________________ CM . . . . Volume XVI Number 36. . . .May 21, 2010


To Kill a Queen: An Elizabethan Girl’s Diary, 1583-1586. (My Story).

Valerie Wilding.
Toronto, ON: Scholastic Canada, 2000.
180 pp., pbk., $7.99.
ISBN 978-1-4431-0243-8.

Subject Heading:
Great Britain-History-Elizabeth, 1558-1603-Juvenile fiction.

Grades 5-8 / Ages 10-13.

Review by Laura Dunford.

***½ /4



The noose was placed over Throckmorton’s head and –– he was dropped. He lashed out with his feet, kicking the air, and the crowd was silent. While he stilled, he was cut down, either unconscious or dead. Only those close by could see what happened next. They let out a great “Aaah!” and Edmund said that was the disembowelling. Ugh.

Catherine Anne Lumsden, called Kitty by her family and friends, lives in London, England, during the late sixteenth century. Extremely clever and filled with an adventurous spirit, 12-year-old Kitty is quick to catch on to her family’s role in protecting Queen Elizabeth from plots against her life, and she tells readers all about it in her diary. However, she finds herself empathizing with the enemy, Queen Mary, who is isolated from her friends and moved from place to place at Elizabeth’s whim. Kitty also finds herself conflicted when she makes friends with the enemy, Sir Anthony, who rescues her dog from drowning and is later arrested and executed for his part in a conspiracy to assassinate Queen Elizabeth. Caught between two sides, Kitty’s character is able to present the reader with a balanced perspective on the conflict between Mary and Elizabeth.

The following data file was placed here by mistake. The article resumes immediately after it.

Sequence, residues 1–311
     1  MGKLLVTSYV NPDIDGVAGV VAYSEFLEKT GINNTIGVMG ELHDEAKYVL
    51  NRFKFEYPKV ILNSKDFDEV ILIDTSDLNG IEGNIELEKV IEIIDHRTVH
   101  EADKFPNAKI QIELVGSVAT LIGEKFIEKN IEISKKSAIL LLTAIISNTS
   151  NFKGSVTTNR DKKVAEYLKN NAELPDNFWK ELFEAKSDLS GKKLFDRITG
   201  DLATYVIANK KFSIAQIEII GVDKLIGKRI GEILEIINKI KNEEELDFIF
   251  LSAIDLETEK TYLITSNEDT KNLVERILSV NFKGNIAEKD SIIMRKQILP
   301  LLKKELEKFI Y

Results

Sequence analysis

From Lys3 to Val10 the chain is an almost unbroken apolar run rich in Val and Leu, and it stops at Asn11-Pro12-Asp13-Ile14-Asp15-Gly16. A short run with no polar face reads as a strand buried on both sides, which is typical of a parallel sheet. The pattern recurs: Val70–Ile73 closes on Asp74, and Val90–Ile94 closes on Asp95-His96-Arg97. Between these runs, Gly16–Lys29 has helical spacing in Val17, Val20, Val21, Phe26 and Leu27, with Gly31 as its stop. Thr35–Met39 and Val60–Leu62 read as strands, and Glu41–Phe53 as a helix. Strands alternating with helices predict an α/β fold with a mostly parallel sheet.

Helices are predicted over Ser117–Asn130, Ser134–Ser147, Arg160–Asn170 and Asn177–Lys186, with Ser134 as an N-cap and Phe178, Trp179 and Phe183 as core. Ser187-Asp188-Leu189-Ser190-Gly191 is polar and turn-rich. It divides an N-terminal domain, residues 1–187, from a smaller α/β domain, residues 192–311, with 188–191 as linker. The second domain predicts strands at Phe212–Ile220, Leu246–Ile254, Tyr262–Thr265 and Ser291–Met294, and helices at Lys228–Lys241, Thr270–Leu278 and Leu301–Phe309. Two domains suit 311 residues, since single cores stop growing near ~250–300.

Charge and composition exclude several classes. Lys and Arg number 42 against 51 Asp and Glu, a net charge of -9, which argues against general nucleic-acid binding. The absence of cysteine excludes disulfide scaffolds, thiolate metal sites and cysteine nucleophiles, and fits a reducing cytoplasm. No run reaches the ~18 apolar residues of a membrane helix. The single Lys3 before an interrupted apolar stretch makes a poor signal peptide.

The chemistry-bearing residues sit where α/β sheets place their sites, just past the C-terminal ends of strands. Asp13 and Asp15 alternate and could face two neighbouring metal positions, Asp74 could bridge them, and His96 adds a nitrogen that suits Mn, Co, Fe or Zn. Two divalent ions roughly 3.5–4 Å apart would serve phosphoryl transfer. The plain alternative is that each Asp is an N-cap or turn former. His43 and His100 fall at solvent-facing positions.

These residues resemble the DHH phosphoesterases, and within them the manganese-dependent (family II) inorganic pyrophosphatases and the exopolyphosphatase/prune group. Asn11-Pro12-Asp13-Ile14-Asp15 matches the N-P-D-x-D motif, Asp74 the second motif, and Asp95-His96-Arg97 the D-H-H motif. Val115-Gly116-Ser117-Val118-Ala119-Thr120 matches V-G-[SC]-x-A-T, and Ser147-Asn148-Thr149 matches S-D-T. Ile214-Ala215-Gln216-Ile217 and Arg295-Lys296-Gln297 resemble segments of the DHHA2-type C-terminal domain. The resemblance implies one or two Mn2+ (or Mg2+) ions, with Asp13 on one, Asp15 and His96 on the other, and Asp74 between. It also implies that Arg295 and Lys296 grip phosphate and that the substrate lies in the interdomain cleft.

Weaved into this first person narration of political conspiracies and bloodthirsty justice is also a story of childhood friendships and family loyalty. Kitty is a very likeable protagonist with an authentic voice, and her descriptions of outings with her cousin, Edmund, give the reader insight into the mix of innocence and macabre curiosity of children of the Elizabethan era. Though the book contains several disturbing scenes of violence, including an execution and a bearbaiting event, Kitty is able to restore the light atmosphere with her enduring sense of humour. Her interactions with other children, specifically Edmund’s sister, Kathryn, are extremely entertaining and sure to keep younger readers engaged. With the help of Kitty and her cloak and dagger family, To Kill a Queen manages to be both educational and entertaining. This is a great addition to the “My Story” series.

Highly Recommended.

Laura Dunford is a graduate of the Master of Arts in Children's Literature program at the University of British Columbia.

To comment on this title or this review, send mail to cm@umanitoba.ca.

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